Why did I decide to nurse my son? I had read all the facts. The U.S. Surgeon General recommends that babies be fed solely with breast milk for the first six months of life and say that it is better to breastfeed for six months and ideal to nurse for a year, or for as long as the mother and baby want. A miracle of miracles, mother's milk has just the right proportions of fat, sugar, water, and protein needed for a baby's growth and development. It also contains antibodies that help infants fight against disease, infection, viruses, and protects against bacteria. Breast milk is also easier to digest than formula for the majority of babies and when suckled straight from the breast is always sterile. In addition, studies have shown that touch and physical contact is essential to newborns and enables them feel more secure, warm and at ease.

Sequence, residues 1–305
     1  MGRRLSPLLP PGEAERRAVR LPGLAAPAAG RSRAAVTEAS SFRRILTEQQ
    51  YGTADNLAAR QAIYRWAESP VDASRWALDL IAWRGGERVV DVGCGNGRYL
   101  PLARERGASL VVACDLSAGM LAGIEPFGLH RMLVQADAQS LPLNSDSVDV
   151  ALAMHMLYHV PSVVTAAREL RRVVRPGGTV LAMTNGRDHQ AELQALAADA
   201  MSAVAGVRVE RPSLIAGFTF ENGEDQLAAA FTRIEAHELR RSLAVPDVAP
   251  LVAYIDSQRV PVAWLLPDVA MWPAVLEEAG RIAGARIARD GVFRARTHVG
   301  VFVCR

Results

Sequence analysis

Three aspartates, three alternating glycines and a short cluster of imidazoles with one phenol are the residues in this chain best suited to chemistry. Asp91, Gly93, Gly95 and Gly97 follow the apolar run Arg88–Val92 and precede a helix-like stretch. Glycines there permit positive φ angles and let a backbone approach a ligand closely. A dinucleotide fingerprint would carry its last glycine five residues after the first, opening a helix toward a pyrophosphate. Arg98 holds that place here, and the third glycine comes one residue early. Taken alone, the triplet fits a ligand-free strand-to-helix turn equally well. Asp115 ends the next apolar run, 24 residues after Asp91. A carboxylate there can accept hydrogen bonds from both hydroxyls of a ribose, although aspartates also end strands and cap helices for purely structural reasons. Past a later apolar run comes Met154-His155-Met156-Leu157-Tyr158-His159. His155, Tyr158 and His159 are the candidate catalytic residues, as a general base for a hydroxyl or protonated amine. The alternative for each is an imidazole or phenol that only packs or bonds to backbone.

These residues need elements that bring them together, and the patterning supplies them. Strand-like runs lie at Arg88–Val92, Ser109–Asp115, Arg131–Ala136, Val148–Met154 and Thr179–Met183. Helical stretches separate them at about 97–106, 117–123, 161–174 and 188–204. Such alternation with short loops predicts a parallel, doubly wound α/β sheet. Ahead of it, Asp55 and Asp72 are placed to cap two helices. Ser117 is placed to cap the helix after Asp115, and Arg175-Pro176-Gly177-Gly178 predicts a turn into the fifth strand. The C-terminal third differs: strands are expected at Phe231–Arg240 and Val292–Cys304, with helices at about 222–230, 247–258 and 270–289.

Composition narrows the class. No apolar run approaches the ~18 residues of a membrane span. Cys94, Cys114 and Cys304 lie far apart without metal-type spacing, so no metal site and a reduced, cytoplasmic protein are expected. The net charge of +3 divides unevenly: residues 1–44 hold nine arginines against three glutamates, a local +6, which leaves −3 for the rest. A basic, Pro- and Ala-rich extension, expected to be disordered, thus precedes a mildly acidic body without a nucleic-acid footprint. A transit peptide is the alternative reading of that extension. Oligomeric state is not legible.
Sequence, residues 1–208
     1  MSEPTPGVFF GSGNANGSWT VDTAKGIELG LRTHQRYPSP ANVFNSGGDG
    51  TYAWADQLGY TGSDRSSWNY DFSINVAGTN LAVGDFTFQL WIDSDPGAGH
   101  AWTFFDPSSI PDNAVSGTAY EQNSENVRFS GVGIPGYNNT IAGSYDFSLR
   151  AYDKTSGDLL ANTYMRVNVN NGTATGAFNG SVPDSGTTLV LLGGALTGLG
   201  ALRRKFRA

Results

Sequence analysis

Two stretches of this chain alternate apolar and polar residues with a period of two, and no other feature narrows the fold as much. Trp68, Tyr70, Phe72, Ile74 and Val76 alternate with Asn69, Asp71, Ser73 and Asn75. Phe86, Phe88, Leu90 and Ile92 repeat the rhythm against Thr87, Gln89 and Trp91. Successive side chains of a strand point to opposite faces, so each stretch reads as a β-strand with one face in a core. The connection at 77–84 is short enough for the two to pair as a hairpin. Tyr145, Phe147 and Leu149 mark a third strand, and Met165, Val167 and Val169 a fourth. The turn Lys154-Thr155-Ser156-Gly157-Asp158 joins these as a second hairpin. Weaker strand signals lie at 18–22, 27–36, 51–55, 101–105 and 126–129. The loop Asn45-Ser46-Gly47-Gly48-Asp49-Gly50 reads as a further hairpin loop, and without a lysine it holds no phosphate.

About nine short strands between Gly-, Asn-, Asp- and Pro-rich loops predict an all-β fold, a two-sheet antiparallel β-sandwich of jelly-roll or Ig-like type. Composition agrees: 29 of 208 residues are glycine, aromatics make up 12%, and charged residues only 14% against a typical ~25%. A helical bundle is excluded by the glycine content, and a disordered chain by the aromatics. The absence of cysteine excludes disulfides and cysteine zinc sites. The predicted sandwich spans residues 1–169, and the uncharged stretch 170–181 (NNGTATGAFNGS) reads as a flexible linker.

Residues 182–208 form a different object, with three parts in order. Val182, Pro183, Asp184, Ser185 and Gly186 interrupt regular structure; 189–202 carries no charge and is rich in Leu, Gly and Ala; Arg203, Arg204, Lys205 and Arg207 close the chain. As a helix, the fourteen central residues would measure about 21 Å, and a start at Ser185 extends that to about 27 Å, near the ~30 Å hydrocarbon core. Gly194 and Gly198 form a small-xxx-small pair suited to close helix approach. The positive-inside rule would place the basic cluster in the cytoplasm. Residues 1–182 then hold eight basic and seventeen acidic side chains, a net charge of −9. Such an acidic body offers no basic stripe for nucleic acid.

While not easy in the beginning, after a month or so the benefits for mothers who nurse are evident as well. Breastfeeding saves times and money. No measuring, mixing, washing bottles or buying formula. Nursing burns up calories, making it easier to shed the pounds put on from pregnancy. It also helps the uterus return to its original size quicker and alleviates any bleeding a woman may have after giving birth. Breastfeeding may also lower the risk of breast and ovarian cancers, and possibly the risk of hip fractures and osteoporosis after menopause. Sounds pretty convincing. But there is something more, something different that I realized after breastfeeding my son. Nursing your child infuses him with faith and security.